I keep coming back to the love and grace of Jesus and the fact that we live in a broken world and we all contribute our own broken hearts to each conversation we have. I think there’s hope in those realities, and a path forward that involves mutual respect and love, even amidst an “agree to disagree” relationship.

have a listen. I highly recommend it.

 

Image by Colleen Scheck

 

 

Marriage is hard .. and more

Marriage is hard. Yes it is. That’s exactly what it is.. and more.

I spoke to a friend recently who, after going through a divorce, got remarried. I asked her how married life was and she said, “it’s hard, of course..”

Of course it is.

I spoke to a single friend about marriage and she said she didn’t want to marry if it wasn’t going to make her life better. If there was a risk that life would get worse, she didn’t see the point in messing with the system she’s got in place.

Being a wedding photographer for the last decade has given me plenty of opportunities to hear and ponder wedding vows. These humans stand and publicly promise the terms of the marriage — better, worse, sickness, health, richer, poorer, good times, bad, to be true, love, honor, cherish one another until death. Death, what a statute of limitations! Only someone on crack would believe it’s possible to keep these promises to the grave.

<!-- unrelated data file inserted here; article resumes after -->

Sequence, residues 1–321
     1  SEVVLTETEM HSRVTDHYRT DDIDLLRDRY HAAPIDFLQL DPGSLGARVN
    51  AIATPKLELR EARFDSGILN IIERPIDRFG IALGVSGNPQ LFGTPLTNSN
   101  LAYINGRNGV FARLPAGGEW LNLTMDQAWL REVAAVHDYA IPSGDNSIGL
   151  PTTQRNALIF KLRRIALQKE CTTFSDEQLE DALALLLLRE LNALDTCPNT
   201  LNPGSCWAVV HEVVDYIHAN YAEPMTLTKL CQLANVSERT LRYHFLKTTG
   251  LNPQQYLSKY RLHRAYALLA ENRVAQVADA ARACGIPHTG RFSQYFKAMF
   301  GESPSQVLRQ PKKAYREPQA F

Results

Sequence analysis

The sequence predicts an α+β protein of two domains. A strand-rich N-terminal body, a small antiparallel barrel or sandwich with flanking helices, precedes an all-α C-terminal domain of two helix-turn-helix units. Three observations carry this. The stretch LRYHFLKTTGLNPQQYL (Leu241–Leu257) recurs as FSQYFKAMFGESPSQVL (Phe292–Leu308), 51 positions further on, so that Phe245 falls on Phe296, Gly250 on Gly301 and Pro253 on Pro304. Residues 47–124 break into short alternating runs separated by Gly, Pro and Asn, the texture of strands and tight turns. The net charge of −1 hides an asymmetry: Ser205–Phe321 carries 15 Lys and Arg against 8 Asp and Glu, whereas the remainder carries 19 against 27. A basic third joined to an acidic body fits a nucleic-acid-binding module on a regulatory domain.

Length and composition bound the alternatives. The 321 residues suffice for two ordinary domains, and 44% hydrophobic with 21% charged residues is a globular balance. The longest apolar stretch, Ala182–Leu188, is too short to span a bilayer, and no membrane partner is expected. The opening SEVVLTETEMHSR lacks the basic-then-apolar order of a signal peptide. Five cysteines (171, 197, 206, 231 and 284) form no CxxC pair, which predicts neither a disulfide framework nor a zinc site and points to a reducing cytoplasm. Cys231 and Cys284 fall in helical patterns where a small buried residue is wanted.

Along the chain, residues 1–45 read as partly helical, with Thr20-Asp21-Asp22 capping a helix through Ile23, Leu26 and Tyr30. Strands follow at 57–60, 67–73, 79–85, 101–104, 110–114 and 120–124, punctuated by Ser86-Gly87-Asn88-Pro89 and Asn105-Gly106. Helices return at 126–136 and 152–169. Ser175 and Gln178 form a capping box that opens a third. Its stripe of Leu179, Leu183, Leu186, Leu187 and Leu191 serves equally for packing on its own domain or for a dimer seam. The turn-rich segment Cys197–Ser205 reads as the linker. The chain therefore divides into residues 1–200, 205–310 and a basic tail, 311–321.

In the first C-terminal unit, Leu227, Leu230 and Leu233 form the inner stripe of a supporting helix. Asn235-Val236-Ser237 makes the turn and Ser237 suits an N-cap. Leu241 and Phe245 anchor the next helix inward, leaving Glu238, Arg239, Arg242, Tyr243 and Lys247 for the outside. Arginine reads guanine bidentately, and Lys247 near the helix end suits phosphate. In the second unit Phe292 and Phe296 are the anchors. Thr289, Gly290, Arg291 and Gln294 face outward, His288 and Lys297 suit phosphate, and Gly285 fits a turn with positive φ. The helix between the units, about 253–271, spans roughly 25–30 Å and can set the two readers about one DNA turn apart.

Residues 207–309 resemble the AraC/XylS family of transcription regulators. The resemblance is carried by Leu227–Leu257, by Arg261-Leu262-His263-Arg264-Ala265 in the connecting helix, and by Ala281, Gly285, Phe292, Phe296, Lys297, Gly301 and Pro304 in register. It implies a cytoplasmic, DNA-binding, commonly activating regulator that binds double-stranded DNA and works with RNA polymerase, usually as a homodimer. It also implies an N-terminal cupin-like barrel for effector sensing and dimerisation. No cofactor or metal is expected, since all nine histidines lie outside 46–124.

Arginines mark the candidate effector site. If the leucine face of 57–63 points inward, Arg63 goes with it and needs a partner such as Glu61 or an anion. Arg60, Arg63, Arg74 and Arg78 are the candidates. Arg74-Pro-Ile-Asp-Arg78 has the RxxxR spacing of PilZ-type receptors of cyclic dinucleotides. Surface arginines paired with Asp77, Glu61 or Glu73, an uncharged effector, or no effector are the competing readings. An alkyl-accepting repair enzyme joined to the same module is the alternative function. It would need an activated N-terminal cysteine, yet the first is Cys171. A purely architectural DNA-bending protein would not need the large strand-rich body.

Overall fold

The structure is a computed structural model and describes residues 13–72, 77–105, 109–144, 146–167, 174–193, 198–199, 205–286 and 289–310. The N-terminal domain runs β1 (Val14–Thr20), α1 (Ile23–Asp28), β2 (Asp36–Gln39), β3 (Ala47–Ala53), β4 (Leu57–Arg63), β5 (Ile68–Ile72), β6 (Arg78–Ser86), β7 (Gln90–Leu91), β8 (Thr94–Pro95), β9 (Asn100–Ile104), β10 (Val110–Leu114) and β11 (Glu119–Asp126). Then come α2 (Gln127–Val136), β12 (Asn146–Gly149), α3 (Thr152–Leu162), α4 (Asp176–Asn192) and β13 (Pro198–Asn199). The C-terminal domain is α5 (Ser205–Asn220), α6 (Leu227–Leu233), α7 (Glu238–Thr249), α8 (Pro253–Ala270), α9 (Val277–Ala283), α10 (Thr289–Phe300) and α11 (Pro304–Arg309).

image by Joe Webb

I’m not saying I don’t love and agree with the promises Jeremy and I made fifteen and a half years ago. I’m just saying I don’t know a single human who has been able to love, honor, and cherish their spouse in all circumstances perfectly. That’s why marriage is hard. That’s why you don’t get the guarantee that things will only get better. In fact, you make a promise to stay when they get worse. It’s right there in the vows so you know exactly what you’re getting yourself into.

Marriage is hard. Of course it is. It’s also partnership, an ally in a rowdy world, a dance partner during dinner prep, a walking buddy. It’s bearing witness. It’s a crook in a neck where my head fits like a puzzle piece. It’s being seen, known, and somehow accepted anyways, most of the time. It’s sharing a million secrets about tastes and preferences, constellations, trains of thought, jokes and fears, history and body parts and hygiene. It’s someone to fight with and someone to fight for. It’s the ability to be human in a deeper way. It stretches your own ability to stay, to accept, to open up when everything inside of you says, “leave!” “push away!” “shut down and self-preserve!”

image by Joe Webb

After all that, it’s the hand you find grabbing for yours when you see your kids go to the first day of kindergarten or struggle in a hospital bed. It’s the one who holds you when you weep like a child over the loss of a parent. It’s the laugh-till-you-cry lines you know better than your own and the ability one person has to rescue you from yourself with one glance. It’s the invitation to go beyond yourself into something holy enough to carry you to the grave.

As I said before, marriage is hard. Yes it is. That’s exactly what it is.. and more.

Because marriage is also this:

that, if well fought and you’re lucky, becomes this:

Which seems pretty worth it to me.

 

 

 

photo of us by Nate Kaiser

photo of old couple by Emanuelle Carbinatti